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Bloodborne journal, part 2: Snake? Snake?! SNAAAAAAAAAAAAAAAKE!

Bloodborne throws a lot of challenges at you, but few are as traumatising as the gosh-darned snakes.


Bloodborne has a really excellent gating system, ramping the difficulty notch by notch, forcing you to learn new skills.

After the fun and games of my initial wrestle with Bloodborne, things really kicked off. The day I beat the Cleric Beast I pushed on through to Father Gascoigne, whom the community have renamed Papa Guacamole, and got him down to less than 10 percent health before being slaughtered, mostly because I got a bit excited about my success and immediately became careless and cocky.

I didn’t have a second go that night, as it was getting pretty late, but came back to it the next day. Like an idiot, though, I first went on Reddit and browsed a bunch of threads discussing the fight.

By this stage the game was available more widely, and early players were full of woe regarding Papa Guacamole. Even though I had very nearly beat him on my first go, this put the wind up me. Looking back on it, Papa G really isn’t that big a deal; the other Hunter characters you’ll meet are much, much harder, and for some reason I personally don’t find Hunter battles as hard as many of the other bosses.

Bloodborne boss fights are laughably easy in co-op. It’s already pretty simple to beat most of the early and even some of the later bosses by getting behind them and refusing to budge; with two people able to keep the boss turning and distracted, it can be a breeze.

Still, I suddenly lost all my confidence again. This is a pretty common pattern for me: ignoring all evidence and lessons learned to assume I’m not good enough. Luckily, the network patch had come out, so I thought I’d try to figure out how to use co-op – purely in the interests of assessing its quality, hem hem.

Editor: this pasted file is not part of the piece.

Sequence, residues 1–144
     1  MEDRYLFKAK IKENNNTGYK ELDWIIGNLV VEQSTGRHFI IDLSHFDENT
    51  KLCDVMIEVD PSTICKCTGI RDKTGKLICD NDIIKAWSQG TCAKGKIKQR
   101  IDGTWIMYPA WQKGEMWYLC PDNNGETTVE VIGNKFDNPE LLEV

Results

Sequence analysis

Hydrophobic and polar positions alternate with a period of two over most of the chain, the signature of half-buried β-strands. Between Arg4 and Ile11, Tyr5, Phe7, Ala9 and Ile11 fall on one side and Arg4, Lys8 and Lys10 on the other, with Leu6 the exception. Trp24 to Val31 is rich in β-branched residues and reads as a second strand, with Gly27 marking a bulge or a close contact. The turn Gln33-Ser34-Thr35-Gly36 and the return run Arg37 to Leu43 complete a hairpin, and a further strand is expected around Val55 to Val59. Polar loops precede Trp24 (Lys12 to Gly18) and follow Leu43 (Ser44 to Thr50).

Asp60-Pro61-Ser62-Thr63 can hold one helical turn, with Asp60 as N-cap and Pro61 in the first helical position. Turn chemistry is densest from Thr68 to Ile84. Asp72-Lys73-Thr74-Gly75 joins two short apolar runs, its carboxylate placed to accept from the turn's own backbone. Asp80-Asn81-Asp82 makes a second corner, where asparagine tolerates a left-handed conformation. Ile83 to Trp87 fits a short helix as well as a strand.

Multiplayer in Bloodborne doesn’t work spectacularly well. It can be very hard to get a match, even when you do all the right things. This is sort of on theme, but pretty annoying for players who just want to co-op all the way through – easy mode, to be elitist, but also a great deal of fun. It’s probably not what Hidetaka Miyazki intended, though.

Regardless, I did eventually get a match, who turned out to be a YouTuber I was able to track down on Twitter and thank for their help. We smacked that guy like a pro. Here I discovered that Bloodborne boss fights are laughably easy in co-op. It’s already pretty simple to beat most of the early and even some of the later bosses by getting behind them and refusing to budge; with two people able to keep the boss turning and distracted, it can be a breeze. That’s presumably why some of the later and most hated bosses have complicating factors – but more on that later.

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Smacking Papa G was pretty satisfying, I have to say, although I soon wished I’d not done it – it turns out this is one of the key moments in the game. The Cleric Beast is an optional boss (!) and it is Papa G who represents a major gate; defeating him opens the Cathedral Ward, a key hub for the rest of the game, and by defeating him you trigger new events.

I thought I’d explored Central Yharnam pretty thoroughly by this stage, but it turned out I’d missed something pretty major – Eileen the Crow, who hangs out near the main entrance to the sewers and introduces you to the Hunter of Hunters covenant as well as a gesture and eventually some sweet loot.